Creating an annual training plan is the first step in effective program design for the year and/or preparation for a single specific event. Periodization is breaks the year down into periods of around 4 weeks (mesocycles). Following a structured training program helps athletes prepare for the unpredictable nature of the mountain environment.
Step 1: Decide On Your “A” Events For The Year
The first step in creating an annual training plan is to decide on your “A” events. An athlete can usually only perform at their best or “peak” 2-3 times per year. In an Annual Training Plan (ATP) these are your “A” priority events that are a culmination of months of progressive training. A events require a full tapering phase of 2-3 weeks to absorb the months of intense training and insure you show up for your adventure rested and ready. I always encourage my athletes (and myself) to pick A events that scare them at least a little bit. This provides strong motivation to train and prepare for the trip. A events also usually require a few weeks of recovery afterwards
Step 2: Pick “B” Events to Serve As Benchmarks For Your “A” Events
“B” Priority Events are intermediate goals that serve as benchmarks in preparation for you primary goal. They serve as a test to see if your training is properly preparing you for your A Event. B Events usually involve a shorter taper (4-7 days). It can also serve as an assessment to identify any weaknesses that need to be addressed in upcoming training phases.
Step 3: Pick “C” Events that help to build towards your A and B events
“C” events are usually the weekly long endurance training sessions that don’t require a structured taper or need a long recovery period after. These workouts also serve as the framework for the short term training plan (12 weeks or less).
“A goal without a plan is just a wish” Antoine de Saint-Exupéry
Setting long term goals is a power tool that can help to motivate and focus your energy. The first step in goal setting is to sit down and take some time to think about your long term goals. This helps to create a long range plan with adventures to work towards in a logical progression. Long term goals are divided into three categories.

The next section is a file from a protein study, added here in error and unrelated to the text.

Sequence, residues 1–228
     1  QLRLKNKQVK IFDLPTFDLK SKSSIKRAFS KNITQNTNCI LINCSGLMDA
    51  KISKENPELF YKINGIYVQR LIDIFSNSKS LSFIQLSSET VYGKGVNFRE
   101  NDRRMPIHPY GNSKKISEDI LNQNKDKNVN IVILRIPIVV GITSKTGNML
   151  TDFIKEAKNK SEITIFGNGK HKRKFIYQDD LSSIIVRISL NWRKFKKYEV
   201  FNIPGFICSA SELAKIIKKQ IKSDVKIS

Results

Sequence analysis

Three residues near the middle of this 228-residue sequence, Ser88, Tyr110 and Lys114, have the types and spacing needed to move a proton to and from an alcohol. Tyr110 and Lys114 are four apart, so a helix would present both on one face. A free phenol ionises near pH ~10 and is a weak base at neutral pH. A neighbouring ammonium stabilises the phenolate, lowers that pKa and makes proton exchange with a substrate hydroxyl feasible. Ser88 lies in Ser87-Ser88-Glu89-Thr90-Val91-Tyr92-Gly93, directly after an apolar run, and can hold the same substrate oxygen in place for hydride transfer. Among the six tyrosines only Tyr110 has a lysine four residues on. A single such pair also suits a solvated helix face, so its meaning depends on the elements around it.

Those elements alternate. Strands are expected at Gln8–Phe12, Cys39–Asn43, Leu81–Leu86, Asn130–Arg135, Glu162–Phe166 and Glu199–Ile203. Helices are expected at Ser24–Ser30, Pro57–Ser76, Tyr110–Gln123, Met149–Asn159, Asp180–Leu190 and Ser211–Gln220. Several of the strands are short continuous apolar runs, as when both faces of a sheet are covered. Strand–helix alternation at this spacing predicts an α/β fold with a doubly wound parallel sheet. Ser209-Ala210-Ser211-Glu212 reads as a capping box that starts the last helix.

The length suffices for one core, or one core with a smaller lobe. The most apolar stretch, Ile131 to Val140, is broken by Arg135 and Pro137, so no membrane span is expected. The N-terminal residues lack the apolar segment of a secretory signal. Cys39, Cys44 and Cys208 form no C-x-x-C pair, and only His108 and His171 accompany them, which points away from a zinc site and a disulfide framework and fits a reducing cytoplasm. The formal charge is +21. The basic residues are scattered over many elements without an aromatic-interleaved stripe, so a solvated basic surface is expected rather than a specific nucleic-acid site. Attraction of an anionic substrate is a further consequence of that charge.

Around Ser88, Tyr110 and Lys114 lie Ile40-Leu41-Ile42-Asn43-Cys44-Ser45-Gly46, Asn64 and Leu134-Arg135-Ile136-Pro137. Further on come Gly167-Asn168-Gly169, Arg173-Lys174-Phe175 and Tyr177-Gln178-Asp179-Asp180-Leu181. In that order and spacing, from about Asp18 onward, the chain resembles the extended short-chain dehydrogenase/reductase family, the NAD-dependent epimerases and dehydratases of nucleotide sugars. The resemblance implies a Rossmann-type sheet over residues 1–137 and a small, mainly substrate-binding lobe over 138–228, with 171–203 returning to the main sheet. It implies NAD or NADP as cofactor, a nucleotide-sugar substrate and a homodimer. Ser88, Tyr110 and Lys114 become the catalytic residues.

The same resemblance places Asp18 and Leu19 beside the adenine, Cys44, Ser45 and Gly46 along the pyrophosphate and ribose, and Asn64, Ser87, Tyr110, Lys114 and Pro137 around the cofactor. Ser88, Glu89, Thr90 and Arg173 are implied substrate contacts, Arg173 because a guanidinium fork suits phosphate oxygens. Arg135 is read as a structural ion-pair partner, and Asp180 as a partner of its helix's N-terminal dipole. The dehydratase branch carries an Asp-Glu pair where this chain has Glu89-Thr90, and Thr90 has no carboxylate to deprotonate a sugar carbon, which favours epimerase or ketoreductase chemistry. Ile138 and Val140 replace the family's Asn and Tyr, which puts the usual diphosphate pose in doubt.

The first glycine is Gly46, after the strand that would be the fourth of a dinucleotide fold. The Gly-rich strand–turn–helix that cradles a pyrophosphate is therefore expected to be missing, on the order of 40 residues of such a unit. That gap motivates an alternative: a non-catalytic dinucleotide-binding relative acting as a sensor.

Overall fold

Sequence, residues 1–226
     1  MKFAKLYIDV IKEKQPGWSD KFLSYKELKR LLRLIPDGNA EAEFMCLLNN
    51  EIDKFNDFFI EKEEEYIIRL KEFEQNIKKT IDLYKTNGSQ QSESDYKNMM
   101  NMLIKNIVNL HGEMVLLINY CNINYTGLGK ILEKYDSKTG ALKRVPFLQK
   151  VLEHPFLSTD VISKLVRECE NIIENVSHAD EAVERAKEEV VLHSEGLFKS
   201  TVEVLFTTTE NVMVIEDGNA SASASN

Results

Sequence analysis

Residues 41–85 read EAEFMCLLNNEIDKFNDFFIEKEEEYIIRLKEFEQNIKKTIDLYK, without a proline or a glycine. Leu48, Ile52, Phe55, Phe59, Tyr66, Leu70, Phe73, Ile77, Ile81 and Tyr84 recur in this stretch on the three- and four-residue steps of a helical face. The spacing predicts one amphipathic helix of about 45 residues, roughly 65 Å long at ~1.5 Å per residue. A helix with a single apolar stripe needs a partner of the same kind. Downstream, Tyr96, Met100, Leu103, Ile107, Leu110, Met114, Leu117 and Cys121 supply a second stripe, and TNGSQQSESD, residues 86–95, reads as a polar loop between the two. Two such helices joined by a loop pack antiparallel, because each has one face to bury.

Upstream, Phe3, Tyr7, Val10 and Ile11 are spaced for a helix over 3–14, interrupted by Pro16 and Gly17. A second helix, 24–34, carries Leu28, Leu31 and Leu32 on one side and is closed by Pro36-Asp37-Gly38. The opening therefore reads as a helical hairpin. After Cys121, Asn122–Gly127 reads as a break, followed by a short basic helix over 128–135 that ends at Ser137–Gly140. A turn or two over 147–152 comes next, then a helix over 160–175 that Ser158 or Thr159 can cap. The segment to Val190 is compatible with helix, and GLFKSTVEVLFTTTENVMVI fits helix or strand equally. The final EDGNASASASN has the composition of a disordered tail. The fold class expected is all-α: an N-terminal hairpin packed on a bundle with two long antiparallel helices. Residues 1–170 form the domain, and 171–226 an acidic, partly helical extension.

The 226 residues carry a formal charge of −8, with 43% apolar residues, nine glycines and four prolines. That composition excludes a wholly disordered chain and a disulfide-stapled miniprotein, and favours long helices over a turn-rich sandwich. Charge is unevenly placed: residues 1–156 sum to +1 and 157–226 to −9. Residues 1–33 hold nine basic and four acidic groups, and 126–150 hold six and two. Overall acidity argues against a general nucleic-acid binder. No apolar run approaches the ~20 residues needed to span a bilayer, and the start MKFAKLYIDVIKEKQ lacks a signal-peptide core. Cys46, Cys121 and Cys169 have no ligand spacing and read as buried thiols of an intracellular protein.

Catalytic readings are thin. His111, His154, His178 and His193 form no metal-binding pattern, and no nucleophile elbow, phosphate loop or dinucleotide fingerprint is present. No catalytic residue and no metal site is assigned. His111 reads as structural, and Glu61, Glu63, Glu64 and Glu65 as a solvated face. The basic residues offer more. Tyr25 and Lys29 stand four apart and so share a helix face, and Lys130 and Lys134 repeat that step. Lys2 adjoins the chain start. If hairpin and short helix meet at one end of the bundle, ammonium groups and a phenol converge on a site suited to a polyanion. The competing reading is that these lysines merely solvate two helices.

Dream Adventures Or Bucket List Trips
Set aside some time to relax and think about what your dream adventures or bucket list trips are. Where would you want to go if time and money were not limiting factors? Maybe you want to summit Kilimanjaro, trek the Inca Trail to Machu Picchu or climb the Lower and Upper Exum Ridge of the Grand Teton in a day. It is ok if some of these change over time as you add years to your adventure resume.
5 Year Goals
5 year goals help to develop a progression of trips increasing in length and difficulty. This progression builds fitness, experience and confidence. An example of 5 year goals with progressions for non-technical mountaineering would look like this:
First Year: One Day Climb Mount Hood
Second Year: Two Day Climb Mount Rainier Disappointment Cleaver Route
Third Year: Four Day Climb Mount Rainier Kautz Glacier Route
Fourth Year: Seven Day Mount Kilimanjaro Climb
Fifth Year: Twenty One Day Denali West Buttress Climb
1 Year Goals
1 year goals set the focus for the upcoming 12 months. An athlete can usually only perform at their best or “peak” 2-3 times per year. In an Annual Training Plan (ATP) these are your “A” priority events that are a culmination of months of progressive training. I always encourage my athletes (and myself) to pick A events that scare them at least a little bit. This provides strong motivation to train and prepare for the trip. Once you have decided on your A events, it is time to develop an Annual Training Plan or ATP.